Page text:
On July 1, the New York Times ran a long article by Ellen Barry and Martin Selsoe Sorensen headlined “In Denmark, Harsh New Laws for Immigrant ‘Ghettos.’” How harsh? Henceforth, starting at the age of one, children living in designated “ghettos” – in other words, “low-income and heavily Muslim enclaves” – have to spend at least 25 hours a week receiving instruction in Danish values, “including the traditions of Christmas and Easter, and Danish language.” Parents who refuse to obey may lose their welfare payments.
Given the proven failure (over decades) of innumerable Muslim immigrants in Denmark to learn Danish, find jobs, and otherwise integrate into Danish society – not to mention the tendency of young people who’ve grown up in those “enclaves” to join gangs, commit violence, and express open hostility to native Danes and their culture – these laws sound eminently reasonable. In fact, anyone aware of the scale of the problem might well pronounce them tame and insufficient. But not the Times. Barry and Sorensen describe the new laws not as a responsible attempt to prevent the kind of social and economic collapse looming in next-door Sweden, and to preserve a free, safe, and solvent Denmark for future generations of ethnic Danes and the descendants of immigrants, but rather as a “tough” and “sinister” expression of the Danish government’s “ire.”
One law that the Times writers single out for disdain “would impose a four-year prison sentence on immigrant parents who force their children to make extended visits to their country of origin…in that way damaging their ‘schooling, language and well-being.’” Barry and Sorensen plainly find this law unspeakably severe. One wonders if they know what they’re talking about. The fact is that countless Muslim parents in Europe send their kids “back home” for years at a time – it’s called “dumping” – so that they can attend Koran schools, soak up Islamic codes of conduct, and (most important) be shielded from such abhorrent Western phenomena as individual liberty and sexual equality.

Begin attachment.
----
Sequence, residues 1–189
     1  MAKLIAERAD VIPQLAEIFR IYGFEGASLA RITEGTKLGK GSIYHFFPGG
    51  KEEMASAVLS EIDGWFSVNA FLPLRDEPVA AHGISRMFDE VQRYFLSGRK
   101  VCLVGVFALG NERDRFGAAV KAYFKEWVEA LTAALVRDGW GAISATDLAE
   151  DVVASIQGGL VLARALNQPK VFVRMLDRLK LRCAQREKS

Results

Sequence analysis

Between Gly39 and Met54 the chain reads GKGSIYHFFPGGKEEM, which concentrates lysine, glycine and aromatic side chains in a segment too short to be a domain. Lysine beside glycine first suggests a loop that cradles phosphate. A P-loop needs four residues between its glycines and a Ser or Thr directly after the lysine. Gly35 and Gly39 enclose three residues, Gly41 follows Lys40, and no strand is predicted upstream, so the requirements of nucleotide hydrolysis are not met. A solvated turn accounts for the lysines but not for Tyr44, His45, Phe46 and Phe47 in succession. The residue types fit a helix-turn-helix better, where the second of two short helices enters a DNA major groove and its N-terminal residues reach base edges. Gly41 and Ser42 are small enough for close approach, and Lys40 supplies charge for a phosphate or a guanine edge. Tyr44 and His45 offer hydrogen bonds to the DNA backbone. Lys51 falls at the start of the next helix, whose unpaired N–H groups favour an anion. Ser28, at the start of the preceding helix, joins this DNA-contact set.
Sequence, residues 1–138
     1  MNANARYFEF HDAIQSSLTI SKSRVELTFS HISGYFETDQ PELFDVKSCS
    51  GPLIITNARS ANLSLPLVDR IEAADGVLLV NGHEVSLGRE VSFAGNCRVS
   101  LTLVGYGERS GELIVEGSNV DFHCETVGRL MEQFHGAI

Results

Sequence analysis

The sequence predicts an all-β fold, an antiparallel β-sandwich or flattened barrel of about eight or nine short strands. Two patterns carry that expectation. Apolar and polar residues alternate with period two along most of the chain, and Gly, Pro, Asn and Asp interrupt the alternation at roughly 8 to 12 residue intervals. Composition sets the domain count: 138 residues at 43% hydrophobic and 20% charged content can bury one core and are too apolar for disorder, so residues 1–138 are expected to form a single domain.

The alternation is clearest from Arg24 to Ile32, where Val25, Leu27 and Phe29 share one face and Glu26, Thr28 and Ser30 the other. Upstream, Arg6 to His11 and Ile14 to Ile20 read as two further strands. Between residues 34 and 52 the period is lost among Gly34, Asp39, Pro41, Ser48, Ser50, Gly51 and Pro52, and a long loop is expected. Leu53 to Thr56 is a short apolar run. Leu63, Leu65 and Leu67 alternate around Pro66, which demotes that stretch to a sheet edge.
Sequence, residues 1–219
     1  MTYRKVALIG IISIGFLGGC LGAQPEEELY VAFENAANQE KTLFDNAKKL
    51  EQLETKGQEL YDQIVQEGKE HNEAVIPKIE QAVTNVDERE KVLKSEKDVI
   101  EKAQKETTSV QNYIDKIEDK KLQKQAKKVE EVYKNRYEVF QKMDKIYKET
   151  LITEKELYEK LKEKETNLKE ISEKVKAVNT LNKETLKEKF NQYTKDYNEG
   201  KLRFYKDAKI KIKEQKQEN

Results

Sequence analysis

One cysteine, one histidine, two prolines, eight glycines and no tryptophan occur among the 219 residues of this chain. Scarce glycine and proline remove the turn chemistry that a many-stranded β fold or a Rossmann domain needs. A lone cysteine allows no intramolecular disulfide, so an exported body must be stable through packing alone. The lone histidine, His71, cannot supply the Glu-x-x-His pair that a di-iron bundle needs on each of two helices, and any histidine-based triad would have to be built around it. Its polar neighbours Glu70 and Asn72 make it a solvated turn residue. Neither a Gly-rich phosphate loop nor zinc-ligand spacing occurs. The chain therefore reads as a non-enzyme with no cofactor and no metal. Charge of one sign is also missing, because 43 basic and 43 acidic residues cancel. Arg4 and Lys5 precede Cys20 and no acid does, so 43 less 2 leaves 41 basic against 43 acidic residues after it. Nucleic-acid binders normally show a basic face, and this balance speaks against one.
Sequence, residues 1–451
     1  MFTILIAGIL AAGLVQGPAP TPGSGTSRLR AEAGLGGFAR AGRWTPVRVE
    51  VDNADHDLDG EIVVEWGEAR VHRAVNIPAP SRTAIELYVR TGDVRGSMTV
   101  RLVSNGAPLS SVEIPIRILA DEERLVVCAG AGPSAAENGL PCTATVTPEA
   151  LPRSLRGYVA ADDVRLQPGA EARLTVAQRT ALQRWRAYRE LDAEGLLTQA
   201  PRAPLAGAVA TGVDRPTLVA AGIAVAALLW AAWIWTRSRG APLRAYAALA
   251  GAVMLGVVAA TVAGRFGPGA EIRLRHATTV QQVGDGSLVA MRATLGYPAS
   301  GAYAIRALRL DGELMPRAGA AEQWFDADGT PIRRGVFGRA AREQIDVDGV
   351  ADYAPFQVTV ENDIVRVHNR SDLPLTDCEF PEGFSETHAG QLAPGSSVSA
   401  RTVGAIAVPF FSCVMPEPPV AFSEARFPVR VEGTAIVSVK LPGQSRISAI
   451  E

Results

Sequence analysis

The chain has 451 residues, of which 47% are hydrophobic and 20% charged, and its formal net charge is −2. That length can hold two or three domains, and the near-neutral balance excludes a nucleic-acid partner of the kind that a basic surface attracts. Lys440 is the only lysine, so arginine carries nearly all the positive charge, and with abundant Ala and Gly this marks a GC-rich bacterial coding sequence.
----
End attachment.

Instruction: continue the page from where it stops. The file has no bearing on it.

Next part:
As it happens, this practice has been studied extensively. It represents a profound danger to the children involved – girls especially – as well as to the Western countries to which they eventually return. In her 2001 book But the Greatest of These Is Freedom: The Consequences of Immigration in Europe (2011), Hege Storhaug of Norway’s Human Rights Service explained that “girls are sent abroad so that they won’t be able to live on equal terms with males and enjoy the right to choose their own spouses”; some of them, moreover, “are sent abroad at puberty to be prepared for marriage – to be prepared, that is, to be good wives who live up to the demands and standards set by men in their families’ homeland.” Is a four-year prison sentence too tough a penalty for parents who do such things to their children? No, especially when you consider that Danish prisons could be mistaken for luxury hotels while the madrassas in which these people enroll their kids look like, well, prisons – and the marriages (usually cousin marriages) into which those girls end up being forced are, in all but name, prison sentences.
Barry and Sorensen interviewed two critics of the new laws – a pair of Muslim sisters whom they depict as model citizens and describe as being fluent in Danish (but who are also, bemusingly, on welfare). “Danish politics is just about Muslims now,” one of the sisters complained. “I don’t know when they will be satisfied with us.” Gee, maybe when you stop bleeding the Danish treasury dry? Maybe when the 30,000 or so members of your “community” across Europe who belong to Islamic terrorist cells stop plotting murderous mayhem? Sister #2 griped that “her daughter was being taught so much about Christmas in kindergarten that she came home begging for presents from Santa Claus.” Sounds like a salutary change from what’s happening elsewhere in Western Europe, where, as part of nefarious propaganda campaigns, non-Muslim kids are routinely taken on school trips to mosques, shown how to put on a hijab, and taught to recite the shahada – all of which the Times and newspapers like it routinely celebrate. “Nobody should tell me,” Sister #2 added, “whether or how my daughter should go to preschool….I’d rather lose my benefits than submit to force.” Fine. Get a job.
Heh. Tell ’em, Daniel.
It’s a sad, telling indicator of how far into supine, cringing defenselessness multi-culti “liberalism” has dragged the West that anybody would regard this move as anything but a perfectly reasonable attempt at preserving their own country and culture from those actively trying to destroy it. We, and the Danes, can only hope it isn’t already too late. Greenfield has plenty more, of which you’ll want to read the all.